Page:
Review: “The Secret Garden”

In 1991, the musical version of Frances Hodgson Burnett’s classic children’s book THE SECRET GARDEN debuted on Broadway. It went on to win three Tony Awards (including the youngest ever winner – 11 year old Daisy Egan nabbing the Best Featured Actress award for her portrayal of Mary Lennox) and played for almost two years and over 700 performances. A national tour followed (which was my first exposure to the show) and a couple of international productions. But until now, the show has never been revived in any significant way in the United States. The producers of this joint venture between Houston’s Theatre Under the Stars, the Shakespeare Theatre in Washington, D.C., and Seattle’s 5th Avenue Theatre are hoping to make it to Broadway. But are they ready and is the show good enough?

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Review: Describe the Night

What is true? What is a lie? As one character explains at the beginning of DESCRIBE THE NIGHT, it’s very simple. The truth is what is true and a lie is what is not. But (as the modern world teaches us) truths are not always absolute. Is an omission therefore a lie? This is one of the many themes interwoven into this brilliant world premiere play by Rajiv Joseph.

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Review: The Bodyguard

The golden age of Broadway musicals saw many stage shows turned into classic films. But reversing that process has not always been as easy or successful and that trend unfortunately continues with THE BODYGUARD, a production that could more aptly be titled THE GOOD, THE BAD & THE UGLY instead of using the name of the hit 1992 movie.

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Review: The 39 Steps

Alfred Hitchcock loved “The MacGuffin.” For those unfamiliar, a “MacGuffin” is a plot device that the protagonist pursues, usually with little or no narrative explanation. What is the secret of this year’s Alley Theatre “Summer Chills” production ALFRED HITCHCOCK’S THE 39 STEPS? It doesn’t really matter. What they’re pursuing isn’t the point – in this case getting there is ALL the fun.

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Review: Falsettos

My first exposure to “Falsettos” was a national tour in the early 90s and while I enjoyed that production, it didn’t stay with me long after the final curtain. The recent revival, which was screened earlier this week in movie theaters and will be a part of “Live from Lincoln Center” on PBS this fall, is a simple yet highly effective staging of this powerful musical.

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Review: Pippin

Pippin is a man in search of something more — his “Corner of the Sky.” Throughout his journey, he finds some exciting things, but they’re never enough. “Pippin” the show, which opened for a free week-long run at Miller Outdoor Theatre last night, has the same problem. It finds some exciting moments but needs to keep searching for something more.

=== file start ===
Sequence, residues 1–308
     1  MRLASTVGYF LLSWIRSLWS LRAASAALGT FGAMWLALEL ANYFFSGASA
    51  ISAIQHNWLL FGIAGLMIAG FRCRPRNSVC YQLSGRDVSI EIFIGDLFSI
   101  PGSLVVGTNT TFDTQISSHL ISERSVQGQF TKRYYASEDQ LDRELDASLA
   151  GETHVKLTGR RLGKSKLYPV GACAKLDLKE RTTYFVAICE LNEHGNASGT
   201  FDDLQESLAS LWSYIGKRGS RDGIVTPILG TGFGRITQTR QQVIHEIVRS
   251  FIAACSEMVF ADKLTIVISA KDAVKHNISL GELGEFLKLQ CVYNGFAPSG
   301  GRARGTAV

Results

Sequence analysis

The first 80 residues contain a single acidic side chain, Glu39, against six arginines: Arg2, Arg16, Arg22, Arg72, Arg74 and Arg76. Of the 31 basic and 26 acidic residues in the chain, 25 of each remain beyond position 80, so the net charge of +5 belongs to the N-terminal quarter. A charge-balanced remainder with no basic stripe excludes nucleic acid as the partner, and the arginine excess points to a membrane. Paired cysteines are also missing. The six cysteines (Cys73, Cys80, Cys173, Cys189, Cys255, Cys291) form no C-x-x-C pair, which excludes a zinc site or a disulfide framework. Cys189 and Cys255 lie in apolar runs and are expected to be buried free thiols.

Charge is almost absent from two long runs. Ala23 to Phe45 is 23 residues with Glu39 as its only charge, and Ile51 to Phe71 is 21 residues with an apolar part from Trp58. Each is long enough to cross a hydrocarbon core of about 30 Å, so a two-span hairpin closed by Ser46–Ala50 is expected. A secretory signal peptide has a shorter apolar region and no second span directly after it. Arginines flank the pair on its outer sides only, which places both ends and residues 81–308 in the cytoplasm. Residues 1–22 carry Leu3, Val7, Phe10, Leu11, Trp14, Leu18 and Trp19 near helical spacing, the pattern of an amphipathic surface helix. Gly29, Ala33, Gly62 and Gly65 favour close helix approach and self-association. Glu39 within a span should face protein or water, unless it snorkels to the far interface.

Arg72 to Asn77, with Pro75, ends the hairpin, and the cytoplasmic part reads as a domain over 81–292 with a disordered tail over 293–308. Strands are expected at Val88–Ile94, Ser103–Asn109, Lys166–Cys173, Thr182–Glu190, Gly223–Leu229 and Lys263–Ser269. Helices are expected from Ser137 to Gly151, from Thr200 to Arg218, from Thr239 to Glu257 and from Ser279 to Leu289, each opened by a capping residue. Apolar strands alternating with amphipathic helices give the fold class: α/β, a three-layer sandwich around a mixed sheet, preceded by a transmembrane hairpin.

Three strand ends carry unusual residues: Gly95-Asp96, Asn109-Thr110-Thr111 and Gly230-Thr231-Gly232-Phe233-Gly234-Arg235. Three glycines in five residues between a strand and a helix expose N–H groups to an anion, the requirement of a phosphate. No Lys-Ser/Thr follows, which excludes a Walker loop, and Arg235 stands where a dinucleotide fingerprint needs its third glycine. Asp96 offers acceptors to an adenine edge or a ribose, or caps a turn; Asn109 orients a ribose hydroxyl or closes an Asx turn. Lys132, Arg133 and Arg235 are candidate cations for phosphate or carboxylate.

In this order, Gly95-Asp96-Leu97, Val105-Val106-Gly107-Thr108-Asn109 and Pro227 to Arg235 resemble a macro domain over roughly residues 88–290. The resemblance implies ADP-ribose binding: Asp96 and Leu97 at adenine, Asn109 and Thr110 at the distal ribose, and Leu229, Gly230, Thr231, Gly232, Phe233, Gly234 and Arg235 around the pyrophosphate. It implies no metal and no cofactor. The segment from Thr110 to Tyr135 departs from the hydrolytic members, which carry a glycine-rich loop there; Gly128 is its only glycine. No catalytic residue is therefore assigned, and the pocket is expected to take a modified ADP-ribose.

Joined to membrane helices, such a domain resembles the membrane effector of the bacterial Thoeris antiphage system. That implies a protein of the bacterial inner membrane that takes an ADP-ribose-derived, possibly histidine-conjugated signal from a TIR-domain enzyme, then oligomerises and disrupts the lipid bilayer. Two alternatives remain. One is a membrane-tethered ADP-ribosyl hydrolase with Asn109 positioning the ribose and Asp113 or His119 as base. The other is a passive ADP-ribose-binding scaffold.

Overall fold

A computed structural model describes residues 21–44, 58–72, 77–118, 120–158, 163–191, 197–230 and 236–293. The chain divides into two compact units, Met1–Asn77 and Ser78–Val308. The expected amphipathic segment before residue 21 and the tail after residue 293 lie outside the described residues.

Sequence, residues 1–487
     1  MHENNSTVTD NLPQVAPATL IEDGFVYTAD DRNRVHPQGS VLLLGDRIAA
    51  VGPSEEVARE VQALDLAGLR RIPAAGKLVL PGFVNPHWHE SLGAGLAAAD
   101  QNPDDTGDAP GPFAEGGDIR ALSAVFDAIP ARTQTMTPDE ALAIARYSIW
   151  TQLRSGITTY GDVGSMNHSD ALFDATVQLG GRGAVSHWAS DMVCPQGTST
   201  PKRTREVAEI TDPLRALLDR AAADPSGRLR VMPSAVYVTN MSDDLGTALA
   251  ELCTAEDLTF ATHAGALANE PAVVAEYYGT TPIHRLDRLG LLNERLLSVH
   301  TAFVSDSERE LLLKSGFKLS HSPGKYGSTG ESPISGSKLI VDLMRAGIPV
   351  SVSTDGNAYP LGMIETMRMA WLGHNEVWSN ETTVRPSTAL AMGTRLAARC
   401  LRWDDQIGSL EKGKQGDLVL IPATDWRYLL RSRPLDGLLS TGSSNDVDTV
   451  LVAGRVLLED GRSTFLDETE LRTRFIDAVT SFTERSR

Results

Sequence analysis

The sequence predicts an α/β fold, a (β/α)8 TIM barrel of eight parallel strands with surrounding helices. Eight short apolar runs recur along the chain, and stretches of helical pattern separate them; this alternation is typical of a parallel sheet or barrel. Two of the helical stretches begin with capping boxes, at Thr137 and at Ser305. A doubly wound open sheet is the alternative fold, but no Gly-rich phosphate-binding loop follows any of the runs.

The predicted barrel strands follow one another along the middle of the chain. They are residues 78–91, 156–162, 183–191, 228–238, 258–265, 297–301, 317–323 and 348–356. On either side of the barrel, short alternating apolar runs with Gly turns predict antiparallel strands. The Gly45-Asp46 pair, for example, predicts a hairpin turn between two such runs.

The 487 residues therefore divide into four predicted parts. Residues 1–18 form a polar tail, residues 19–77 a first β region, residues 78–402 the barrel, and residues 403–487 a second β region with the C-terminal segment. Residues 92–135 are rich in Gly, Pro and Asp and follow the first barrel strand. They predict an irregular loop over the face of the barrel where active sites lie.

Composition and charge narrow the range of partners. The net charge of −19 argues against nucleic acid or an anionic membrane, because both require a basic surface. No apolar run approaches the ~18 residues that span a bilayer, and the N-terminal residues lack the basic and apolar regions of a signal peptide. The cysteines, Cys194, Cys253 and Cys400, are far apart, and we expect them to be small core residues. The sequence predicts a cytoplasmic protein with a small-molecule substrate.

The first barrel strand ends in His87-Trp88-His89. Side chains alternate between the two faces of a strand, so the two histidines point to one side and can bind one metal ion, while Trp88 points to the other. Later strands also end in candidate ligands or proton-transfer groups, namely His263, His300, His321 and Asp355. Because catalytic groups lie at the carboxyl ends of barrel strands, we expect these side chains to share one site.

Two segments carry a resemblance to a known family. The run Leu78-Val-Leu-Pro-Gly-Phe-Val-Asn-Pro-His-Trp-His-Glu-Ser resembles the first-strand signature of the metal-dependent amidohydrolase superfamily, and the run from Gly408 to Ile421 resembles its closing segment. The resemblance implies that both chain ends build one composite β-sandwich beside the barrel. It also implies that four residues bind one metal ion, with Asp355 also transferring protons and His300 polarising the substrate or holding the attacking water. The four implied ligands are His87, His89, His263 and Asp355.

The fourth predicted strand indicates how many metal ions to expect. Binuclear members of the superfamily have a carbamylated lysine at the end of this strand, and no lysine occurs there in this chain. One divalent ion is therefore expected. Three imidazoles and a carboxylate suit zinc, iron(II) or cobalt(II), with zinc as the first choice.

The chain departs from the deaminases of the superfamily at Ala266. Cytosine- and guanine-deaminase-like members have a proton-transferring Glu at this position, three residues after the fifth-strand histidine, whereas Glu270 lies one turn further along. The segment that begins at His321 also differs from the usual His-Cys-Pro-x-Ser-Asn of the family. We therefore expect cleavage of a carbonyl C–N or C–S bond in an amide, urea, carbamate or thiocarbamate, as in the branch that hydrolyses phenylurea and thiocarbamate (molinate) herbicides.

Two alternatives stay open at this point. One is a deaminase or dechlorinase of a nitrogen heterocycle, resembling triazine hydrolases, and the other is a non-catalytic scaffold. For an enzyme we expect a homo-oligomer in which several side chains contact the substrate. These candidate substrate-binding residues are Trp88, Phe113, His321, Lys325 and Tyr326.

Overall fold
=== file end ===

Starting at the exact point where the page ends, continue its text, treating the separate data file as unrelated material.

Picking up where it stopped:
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Tony Award Predictions

Being a big theatre fan, I love the Tony Awards. This year, I’m at sea for the show so I won’t get to see it or live blog it, but I’ll be keeping tabs. So this auto-post is my predictions, made before I set sail on Carnival Valor. I’ll update when I return with my win/loss percentage and thoughts on the winners & show.

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Review: Finding Neverland

The directions to Neverland, according to Peter Pan, are quite simple: “Second star to the right and straight on ’til morning.” Making a musical about the development of Peter Pan and what inspired its writer J.M. Barrie to pen the classic is a bit more complex. “Finding Neverland” arrived earlier this week at The Hobby Center as part of its first national tour and while it made it to the second star just fine, it doesn’t quite get all the way to morning.

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Review: “Dreamgirls”

“Dreamgirls” is a Tony-winning musical about the show business aspirations and successes of R&B acts like The Supremes, The Shirelles, Jackie Wilson, James Brown and many more. This show, much like those legendary acts, mostly shines but does have some bumps along its road to eventual success.

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Alley Theatre Reveals 2017-2018 Season

Today the Alley Theatre announced the eight plays for its 2017-2018 season and I must say I’m intrigued. As a subscriber, I know the high quality of the productions there and have learned to trust them when it comes to “unknown” properties. Many of the next season’s selections are in that category but I’m confident they will continue the tradition of fine theatre.

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